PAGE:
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Execution and expulsion
By Mark Steil and Tim Post
Minnesota Public Radio
September 26, 2002

Execution of Dakota Indians, Mankato
Execution of Dakota Indians, Mankato, 1884. A depiction of the hanging of 38 Dakota Indians on Dec. 26, 1862.
(Artist: J. Cullen, courtesy of Minnesota Historical Society)

It was much harder for the Dakota to forget and forgive. Spurred on by public anger over the settler killings, the government hanged 38 Indians in late December. Most historians now believe the executions were based on flimsy evidence. They say innocent people were hanged.

In 1863, Congress threw out all treaties with the Dakota. Money promised the Indians instead paid the war claims of the settlers. All Dakota land was confiscated. And in the crowning blow, the Dakota were expelled from Minnesota. Those Indians who had fought, and those who had not, were treated the same. For good measure, the Winnebagos were also kicked out, even though they played no part in the hostilities.

"(The events of) 1862 are very real to us as Dakota people today," says Angela Cavendar Wilson, who teaches at Arizona State University. "The problems that we have in our contemporary communities are a direct consequence of losing our homeland, having attempts at cultural eradication perpetrated against us - and it needs to be addressed," Wilson says.

Little Crow
Little Crow, or Taoyateduta, was the Dakota chief who led the Indian attacks in the 1862 war. He was a reluctant leader. The night before the attacks began, he attempted to talk down the war mood. But the warriors were adamant. They wanted to fight, so Little Crow agreed to lead them. Read an excerpt of his speech to the warriors.
(Photo by Joel Emmons Whitney, courtesy of Minnesota Historical Society)

The Dakota have been a divided nation since 1862, because white civilization split the Indians into factions. The government encouraged the Dakota to become farmers, Christians, students. Dakota traditionalists were angered by these "new" Indians - they might burn their crops, kill their livestock or worse.

John LaBatte has studied the war from all angles. His ancestors were Dakota and French. He says the Indian nation fractured under the weight of the war.

"Not all of the Dakota Indians started that war, and not all of the people who fought in the war committed the worst atrocities. Only a small group made all of the Indians look bad. A small number of that Dakota nation started the war and carried it on," LaBatte says.

Little Crow lead warriors into battle, but chiefs like Wabasha, Wacouta and Traveling Hail opposed war. Many of the chiefs said killing settlers was wrong, but LaBatte says they were ignored.

"Some of the Indians were forced into war by threat of death if they didn't join. Some of the Indians fled the area. Some of the Indians never were involved. They were out on the buffalo hunts, but they were blamed for the war," says LaBatte.

John LaBatte
John LaBatte's relatives were French traders and Dakota Indians. He wants people to know that not all Dakota were involved in the fighting in 1862 - that the attacks were perpetrated by a few renegade warriors.
(MPR Photo/Mark Steil)

When the fighting ended, Dakota turned against Dakota. Some volunteered to serve as scouts for the U.S. Army. Most did it to escape exile to one of the new reservations.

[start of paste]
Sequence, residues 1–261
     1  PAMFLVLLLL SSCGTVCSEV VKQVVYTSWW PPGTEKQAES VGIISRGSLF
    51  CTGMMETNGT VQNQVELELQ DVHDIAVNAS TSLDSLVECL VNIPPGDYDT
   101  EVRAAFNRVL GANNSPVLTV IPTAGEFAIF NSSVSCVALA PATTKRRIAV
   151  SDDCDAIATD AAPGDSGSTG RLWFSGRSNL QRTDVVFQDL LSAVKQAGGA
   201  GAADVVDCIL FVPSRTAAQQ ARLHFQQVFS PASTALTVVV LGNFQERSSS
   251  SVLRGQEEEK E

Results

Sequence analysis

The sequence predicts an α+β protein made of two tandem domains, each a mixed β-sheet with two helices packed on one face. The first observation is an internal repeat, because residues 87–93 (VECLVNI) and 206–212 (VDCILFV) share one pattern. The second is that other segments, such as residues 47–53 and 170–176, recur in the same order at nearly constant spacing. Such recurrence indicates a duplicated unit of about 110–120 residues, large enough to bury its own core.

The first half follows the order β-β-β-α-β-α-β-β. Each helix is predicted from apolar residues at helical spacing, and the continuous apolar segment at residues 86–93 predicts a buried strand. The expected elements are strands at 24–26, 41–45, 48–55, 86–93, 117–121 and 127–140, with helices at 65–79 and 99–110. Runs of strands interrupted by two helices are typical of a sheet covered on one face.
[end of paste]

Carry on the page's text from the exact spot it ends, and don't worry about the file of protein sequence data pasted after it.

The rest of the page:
Ed Red Owl of Sisseton, S.D., says the scouts set up a screen of camps across North and South Dakota. Their job was to shoot any Indian returning to Minnesota. As many as 300 were killed. Red Owl says any scout disobeying the shoot-to-kill order was subject to military execution.

"One of the chief scouts here tells ... of encountering his own nephew. When he saw his nephew coming, he said, 'I had tears in my eyes, but yet I had the orders of the United States Army to fulfill. And so before my own eyes, I shot him until he died,'" Red Owl says.

After the war, the Dakota became a transient people. Their new home was wherever the government decided to send them.

"I did not hurt anyone, and now two of my younger brothers were hung and also two died a common death. I am the last of the brothers living because God had pity upon me."

- Letter written by Indian prisoner in Davenport, Iowa

As one tribal Web site puts it, "The Indians were moved from state to state like a piece of unwanted baggage." First to Fort Snelling, then down the Mississippi River to Davenport, Iowa.

Letters written by the Indian prisoners at Davenport are just now being made public. The Flandreau Dakota are translating the letters. This one describes a disease-ridden prison camp.

"I'm going to tell you about something bad that I know. I grew up upon this earth, but now for six months we are suffering greatly. I am angry because of this and I am suffering much. If only God would give me strength. It is very cold, and I wish that it were summer. I think that as I am sitting here. I did not hurt anyone, and now two of my younger brothers were hung and also two died a common death. I am the last of the brothers living because God had pity upon me," the letter reads.

Disease and starvation followed the Indians to their next stop - Crow Creek, S.D. Some went south to Nebraska. Others wound up in northeast South Dakota, close to their old homeland. Some ended up in North Dakota and Canada.

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